The worst thing a game can do to a single-player economy is to try and take away those decisions. It may seem to make sense initially that simpler shopping is easier for players of all ages, but when you think about it, who doesn’t go shopping? I’ve seen five year olds with enough penny-savvy to figure out how to get the most for their money.
Key Example: In Resident Evil 4, the creepy weapons dealer rarely changes his prices, but his inventory offers plenty of risk and (inevitably) plenty of interest for the player.
The shop contents usually have several varieties of each type of gun, and while some initially seem more powerful, upgrades tell a different story over time. Not only does the player need to figure out what style of play they prefer – shotgun, pistol, rifle, etc. – but they also need to figure out if they want to put priority on cost, damage, or several other statistical factors. Maybe they just want a gun called the “Killer 7“?
As a gameplay economy, this is great, because it not only makes the player question his purchase, but it also gives him plenty of alternate opportunities for next time. The grass is always greener on the other side, so to speak, and that will egg the player on to look harder at what’s available next time.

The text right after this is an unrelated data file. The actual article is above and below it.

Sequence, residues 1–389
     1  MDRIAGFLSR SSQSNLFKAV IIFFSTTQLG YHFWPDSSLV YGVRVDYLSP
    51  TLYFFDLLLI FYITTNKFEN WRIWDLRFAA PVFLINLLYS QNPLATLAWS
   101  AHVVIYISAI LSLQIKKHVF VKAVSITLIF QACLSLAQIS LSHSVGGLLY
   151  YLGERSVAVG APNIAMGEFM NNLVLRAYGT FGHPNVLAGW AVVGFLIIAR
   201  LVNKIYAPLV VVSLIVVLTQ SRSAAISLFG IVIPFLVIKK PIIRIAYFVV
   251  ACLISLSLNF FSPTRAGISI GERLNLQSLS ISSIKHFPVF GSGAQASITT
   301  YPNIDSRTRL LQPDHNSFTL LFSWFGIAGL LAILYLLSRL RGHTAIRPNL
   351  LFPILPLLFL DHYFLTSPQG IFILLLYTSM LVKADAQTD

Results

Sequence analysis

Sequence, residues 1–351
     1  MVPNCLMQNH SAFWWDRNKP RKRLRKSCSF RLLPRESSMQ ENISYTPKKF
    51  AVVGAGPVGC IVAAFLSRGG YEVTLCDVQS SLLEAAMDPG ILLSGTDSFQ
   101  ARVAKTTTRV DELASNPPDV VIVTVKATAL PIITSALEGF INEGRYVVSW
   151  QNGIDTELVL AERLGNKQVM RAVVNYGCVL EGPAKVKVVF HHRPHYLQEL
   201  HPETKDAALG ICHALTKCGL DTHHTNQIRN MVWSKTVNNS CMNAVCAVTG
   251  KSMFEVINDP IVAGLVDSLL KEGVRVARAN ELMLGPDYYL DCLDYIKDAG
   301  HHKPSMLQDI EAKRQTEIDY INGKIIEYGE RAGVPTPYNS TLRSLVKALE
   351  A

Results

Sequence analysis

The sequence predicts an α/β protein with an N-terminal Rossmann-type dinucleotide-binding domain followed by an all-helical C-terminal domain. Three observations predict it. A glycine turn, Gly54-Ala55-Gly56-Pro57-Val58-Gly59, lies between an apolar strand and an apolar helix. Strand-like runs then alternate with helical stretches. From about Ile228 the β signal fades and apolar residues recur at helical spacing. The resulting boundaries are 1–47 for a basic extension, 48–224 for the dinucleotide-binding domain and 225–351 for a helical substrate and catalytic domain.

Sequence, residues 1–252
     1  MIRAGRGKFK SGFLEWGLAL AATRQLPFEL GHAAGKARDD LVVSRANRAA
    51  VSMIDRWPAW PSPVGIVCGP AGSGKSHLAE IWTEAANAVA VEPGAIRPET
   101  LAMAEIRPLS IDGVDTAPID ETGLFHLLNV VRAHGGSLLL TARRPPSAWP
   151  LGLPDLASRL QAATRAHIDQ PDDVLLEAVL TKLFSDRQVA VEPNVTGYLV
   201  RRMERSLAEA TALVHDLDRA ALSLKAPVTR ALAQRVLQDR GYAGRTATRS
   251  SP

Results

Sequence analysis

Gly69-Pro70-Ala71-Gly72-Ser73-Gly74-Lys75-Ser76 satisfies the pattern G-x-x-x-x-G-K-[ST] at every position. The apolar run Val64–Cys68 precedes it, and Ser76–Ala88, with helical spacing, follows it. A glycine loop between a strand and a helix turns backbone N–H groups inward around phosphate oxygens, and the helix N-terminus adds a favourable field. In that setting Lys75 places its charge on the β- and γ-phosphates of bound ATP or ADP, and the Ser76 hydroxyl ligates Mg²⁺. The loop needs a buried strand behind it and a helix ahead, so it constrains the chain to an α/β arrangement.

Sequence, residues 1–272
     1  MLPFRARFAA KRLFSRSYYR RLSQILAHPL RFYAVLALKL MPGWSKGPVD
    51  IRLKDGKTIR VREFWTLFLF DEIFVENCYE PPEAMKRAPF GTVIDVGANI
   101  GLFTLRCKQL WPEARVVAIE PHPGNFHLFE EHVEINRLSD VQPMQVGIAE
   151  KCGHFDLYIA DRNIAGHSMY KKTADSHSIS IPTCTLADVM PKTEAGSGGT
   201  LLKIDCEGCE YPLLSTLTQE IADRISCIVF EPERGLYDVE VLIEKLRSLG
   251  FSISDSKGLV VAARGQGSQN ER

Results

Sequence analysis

Don’t Limit the Market
I can think of a hundred games (or more) where money is literally treated as the equivalent to points. The game design convinces the player that he should crave money and go out of his way to find it.
This is actually good design sense; collecting is one of those really-easy-to-communicate gaming concepts that players love to do. If I’m out there saving the world, I think it’s pretty appropriate that I’m rewarded in kind, right? Maybe the cost of goods goes up dramatically later on, but we shouldn’t hinder the player’s ability to earn.